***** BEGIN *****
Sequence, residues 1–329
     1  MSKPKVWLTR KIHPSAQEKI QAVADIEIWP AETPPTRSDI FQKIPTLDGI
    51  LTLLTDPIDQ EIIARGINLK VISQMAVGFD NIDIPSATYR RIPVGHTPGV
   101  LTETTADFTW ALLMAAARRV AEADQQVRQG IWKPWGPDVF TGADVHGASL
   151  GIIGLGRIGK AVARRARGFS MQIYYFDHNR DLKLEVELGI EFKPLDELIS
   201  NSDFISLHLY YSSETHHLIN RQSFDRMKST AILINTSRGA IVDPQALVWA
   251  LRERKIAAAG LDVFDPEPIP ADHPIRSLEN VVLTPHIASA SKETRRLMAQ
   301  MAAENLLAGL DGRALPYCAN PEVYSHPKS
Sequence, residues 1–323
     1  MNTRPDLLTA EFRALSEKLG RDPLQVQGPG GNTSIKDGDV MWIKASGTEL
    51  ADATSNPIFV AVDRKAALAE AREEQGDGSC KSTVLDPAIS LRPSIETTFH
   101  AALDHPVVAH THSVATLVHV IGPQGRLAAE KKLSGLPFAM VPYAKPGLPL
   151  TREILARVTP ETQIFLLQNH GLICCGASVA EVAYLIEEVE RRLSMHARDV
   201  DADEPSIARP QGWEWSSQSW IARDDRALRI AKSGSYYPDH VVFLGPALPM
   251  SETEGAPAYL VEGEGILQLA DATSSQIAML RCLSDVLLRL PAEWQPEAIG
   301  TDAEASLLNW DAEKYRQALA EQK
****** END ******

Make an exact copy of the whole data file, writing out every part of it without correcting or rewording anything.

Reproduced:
Sequence, residues 1–329
     1  MSKPKVWLTR KIHPSAQEKI QAVADIEIWP AETPPTRSDI FQKIPTLDGI
    51  LTLLTDPIDQ EIIARGINLK VISQMAVGFD NIDIPSATYR RIPVGHTPGV
   101  LTETTADFTW ALLMAAARRV AEADQQVRQG IWKPWGPDVF TGADVHGASL
   151  GIIGLGRIGK AVARRARGFS MQIYYFDHNR DLKLEVELGI EFKPLDELIS
   201  NSDFISLHLY YSSETHHLIN RQSFDRMKST AILINTSRGA IVDPQALVWA
   251  LRERKIAAAG LDVFDPEPIP ADHPIRSLEN VVLTPHIASA SKETRRLMAQ
   301  MAAENLLAGL DGRALPYCAN PEVYSHPKS
Sequence, residues 1–323
     1  MNTRPDLLTA EFRALSEKLG RDPLQVQGPG GNTSIKDGDV MWIKASGTEL
    51  ADATSNPIFV AVDRKAALAE AREEQGDGSC KSTVLDPAIS LRPSIETTFH
   101  AALDHPVVAH THSVATLVHV IGPQGRLAAE KKLSGLPFAM VPYAKPGLPL
   151  TREILARVTP ETQIFLLQNH GLICCGASVA EVAYLIEEVE RRLSMHARDV
   201  DADEPSIARP QGWEWSSQSW IARDDRALRI AKSGSYYPDH VVFLGPALPM
   251  SETEGAPAYL VEGEGILQLA DATSSQIAML RCLSDVLLRL PAEWQPEAIG
   301  TDAEASLLNW DAEKYRQALA EQK